STUDY PROVES TURNING YOUR VEHICLE OFF MINIMIZES BOTH FUEL CONSUMPTION AND CO2 EMISSIONS.
You may have heard that it takes more fuel to turn your vehicle off and back on again than it does to stay idling when stopped. One fast food chain even made a claim that it was “Greener” to use the drive-through than parking and walking in for a to-go order. With fuel costs and anti-idling laws being an essential consideration for vehicle owners and fleet managers, it’s important to know the facts.
The fact is that even for short stops, it saves fuel to turn off your vehicle. Idling for even 10 seconds produces more CO2 emissions and burns more fuel than simply turning your engine off, and restarting. This was found by a study done by Argonne National Laboratory, and funded by the U.S. Department of Energy’s Vehicle Technologies Program.
IDLING STUDY RESULTS
Engineers were tasked to study vehicles in the Argonne laboratory’s Advanced Powertrain Research Facility to determine the impacts of idling and restarting. Dynamometer tests were conducted at the facility and revealed that parking a vehicle, turning it off, and then restarting it uses less fuel and produces less CO2 than idling for just 10 seconds. In addition, the study also revealed that the fastest way to warm up a car engine is to drive the vehicle, not by idling it. Argonne found that depending on the vehicle’s size, 0.2 to 0.5 gallons of fuel per hour is used when idling.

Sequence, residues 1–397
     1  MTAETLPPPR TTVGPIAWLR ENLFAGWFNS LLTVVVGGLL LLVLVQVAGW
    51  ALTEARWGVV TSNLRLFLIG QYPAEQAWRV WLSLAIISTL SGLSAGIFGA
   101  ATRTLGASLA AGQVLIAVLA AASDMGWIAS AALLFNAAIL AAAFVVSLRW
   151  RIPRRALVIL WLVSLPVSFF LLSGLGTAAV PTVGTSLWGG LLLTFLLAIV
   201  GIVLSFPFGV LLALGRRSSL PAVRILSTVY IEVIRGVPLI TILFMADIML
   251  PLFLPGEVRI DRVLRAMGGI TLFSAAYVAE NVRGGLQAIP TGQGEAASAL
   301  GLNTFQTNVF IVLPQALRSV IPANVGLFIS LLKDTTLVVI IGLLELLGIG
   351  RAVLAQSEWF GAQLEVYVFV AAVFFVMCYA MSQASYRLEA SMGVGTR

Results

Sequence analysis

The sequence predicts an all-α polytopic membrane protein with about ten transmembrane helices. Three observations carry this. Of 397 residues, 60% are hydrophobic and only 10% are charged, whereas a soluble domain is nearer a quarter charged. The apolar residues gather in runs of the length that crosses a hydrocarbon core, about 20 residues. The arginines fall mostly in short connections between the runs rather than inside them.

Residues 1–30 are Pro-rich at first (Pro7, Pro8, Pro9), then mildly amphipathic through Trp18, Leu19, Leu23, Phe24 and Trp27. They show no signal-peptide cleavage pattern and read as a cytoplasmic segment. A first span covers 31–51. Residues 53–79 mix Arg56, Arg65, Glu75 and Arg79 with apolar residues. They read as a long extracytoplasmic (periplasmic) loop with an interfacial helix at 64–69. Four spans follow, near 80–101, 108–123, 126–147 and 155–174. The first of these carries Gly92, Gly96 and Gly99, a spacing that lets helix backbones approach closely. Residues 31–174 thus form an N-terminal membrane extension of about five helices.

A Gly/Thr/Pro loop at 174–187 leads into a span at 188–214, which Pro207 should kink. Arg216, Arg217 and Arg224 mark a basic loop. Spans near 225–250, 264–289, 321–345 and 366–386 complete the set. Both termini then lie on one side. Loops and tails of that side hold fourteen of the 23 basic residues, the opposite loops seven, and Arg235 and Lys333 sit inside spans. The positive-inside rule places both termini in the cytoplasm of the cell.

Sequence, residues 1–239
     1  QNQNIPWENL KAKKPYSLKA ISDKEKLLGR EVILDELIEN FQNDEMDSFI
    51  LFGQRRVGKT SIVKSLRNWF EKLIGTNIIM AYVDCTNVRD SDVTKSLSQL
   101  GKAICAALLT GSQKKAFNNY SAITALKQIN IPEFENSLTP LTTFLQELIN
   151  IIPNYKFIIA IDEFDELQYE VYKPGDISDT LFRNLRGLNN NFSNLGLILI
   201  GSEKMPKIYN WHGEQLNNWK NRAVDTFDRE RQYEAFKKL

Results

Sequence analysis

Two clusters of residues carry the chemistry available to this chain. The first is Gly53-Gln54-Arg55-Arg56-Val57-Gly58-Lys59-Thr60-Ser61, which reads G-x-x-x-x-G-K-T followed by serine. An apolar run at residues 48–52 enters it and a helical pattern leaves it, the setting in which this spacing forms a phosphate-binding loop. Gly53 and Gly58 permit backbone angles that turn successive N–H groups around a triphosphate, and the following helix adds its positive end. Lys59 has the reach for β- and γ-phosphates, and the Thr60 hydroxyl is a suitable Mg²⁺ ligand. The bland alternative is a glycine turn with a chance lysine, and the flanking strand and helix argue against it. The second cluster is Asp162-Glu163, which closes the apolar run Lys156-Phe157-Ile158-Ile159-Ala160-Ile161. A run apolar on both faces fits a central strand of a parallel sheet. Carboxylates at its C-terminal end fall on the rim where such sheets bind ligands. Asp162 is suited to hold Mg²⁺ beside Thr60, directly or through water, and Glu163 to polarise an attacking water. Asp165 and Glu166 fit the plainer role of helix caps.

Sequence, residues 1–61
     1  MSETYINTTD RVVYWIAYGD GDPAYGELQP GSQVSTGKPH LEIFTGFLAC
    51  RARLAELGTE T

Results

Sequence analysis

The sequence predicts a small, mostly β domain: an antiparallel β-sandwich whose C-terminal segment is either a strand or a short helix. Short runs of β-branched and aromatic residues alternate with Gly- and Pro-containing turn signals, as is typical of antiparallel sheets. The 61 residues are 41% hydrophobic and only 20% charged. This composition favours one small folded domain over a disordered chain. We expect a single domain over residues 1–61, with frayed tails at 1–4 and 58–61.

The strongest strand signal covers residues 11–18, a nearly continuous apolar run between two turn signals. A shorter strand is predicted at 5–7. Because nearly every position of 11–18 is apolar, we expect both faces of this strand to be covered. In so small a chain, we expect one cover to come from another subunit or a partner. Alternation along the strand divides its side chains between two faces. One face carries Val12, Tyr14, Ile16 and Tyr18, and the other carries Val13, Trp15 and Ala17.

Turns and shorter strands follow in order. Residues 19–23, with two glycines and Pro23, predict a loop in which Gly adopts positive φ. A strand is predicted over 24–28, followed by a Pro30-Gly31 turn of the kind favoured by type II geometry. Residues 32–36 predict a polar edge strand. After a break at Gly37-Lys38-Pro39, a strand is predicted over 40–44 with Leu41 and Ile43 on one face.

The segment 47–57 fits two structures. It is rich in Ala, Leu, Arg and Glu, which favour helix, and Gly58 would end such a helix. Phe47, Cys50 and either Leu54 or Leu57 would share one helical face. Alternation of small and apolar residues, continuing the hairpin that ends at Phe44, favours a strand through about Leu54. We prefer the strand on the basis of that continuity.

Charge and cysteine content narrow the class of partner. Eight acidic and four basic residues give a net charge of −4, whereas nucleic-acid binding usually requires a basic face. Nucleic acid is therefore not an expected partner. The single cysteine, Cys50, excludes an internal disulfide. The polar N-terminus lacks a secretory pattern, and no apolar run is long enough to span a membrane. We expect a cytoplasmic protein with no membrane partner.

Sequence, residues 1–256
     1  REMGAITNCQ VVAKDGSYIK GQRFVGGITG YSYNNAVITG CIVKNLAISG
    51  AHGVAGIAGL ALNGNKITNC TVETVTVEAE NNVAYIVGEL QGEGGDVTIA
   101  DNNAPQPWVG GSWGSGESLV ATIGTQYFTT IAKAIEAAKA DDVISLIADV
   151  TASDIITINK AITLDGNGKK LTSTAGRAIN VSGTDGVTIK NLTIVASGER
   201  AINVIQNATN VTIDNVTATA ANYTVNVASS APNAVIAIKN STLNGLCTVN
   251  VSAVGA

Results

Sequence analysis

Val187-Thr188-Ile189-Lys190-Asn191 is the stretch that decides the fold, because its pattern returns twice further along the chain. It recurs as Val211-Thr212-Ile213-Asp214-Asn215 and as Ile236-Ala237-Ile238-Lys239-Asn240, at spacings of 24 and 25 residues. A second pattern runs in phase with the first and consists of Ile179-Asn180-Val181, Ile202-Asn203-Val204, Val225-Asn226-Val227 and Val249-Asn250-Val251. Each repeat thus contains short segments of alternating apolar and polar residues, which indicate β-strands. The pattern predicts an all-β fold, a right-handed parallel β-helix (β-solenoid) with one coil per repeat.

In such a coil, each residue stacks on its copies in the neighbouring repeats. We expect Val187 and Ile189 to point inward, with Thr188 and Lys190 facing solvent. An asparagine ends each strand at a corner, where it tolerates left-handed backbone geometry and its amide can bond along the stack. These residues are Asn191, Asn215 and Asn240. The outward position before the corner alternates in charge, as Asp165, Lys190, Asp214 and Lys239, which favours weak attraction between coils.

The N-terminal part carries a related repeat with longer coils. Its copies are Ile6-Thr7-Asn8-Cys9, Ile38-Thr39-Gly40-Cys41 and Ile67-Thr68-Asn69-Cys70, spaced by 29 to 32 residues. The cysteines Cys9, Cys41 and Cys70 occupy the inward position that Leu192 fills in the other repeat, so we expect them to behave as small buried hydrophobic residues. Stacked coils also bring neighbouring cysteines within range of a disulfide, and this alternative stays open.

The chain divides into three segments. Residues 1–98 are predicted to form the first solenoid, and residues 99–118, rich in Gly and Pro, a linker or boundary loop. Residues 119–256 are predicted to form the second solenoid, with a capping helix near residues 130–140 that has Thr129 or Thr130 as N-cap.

EMBRACE ANTI-IDLING LAWS
With these findings, and as states, provinces, and countries continue to introduce climate change action plans and green initiatives focused on greenhouse gas emissions, now is the perfect time to start embracing an anti-idle mindset in day-to-day driving and work operations.
VEHICLE IDLING STUDY CONCLUSION
Going back to the fast food chain’s claim, no, it is not greener to use the drive-through than it is to park and pick up your order inside the restaurant. Here are the facts:
- Idling for more than 10 seconds burns more fuel, and produces more C02 emissions than turning the engine on and off
- Idling for an hour uses 0.2 to 0.5 gallons of fuel, depending on the vehicle, and fuel consumption increases as idling speed increases
- Warming up a vehicle by driving is more effective than idling
Consider these findings next time you find yourself idling your truck, whether working on a job site, picking up a food order, or warming up your truck this winter.
Source and learn more at: https://www.vmacair.com/blog/
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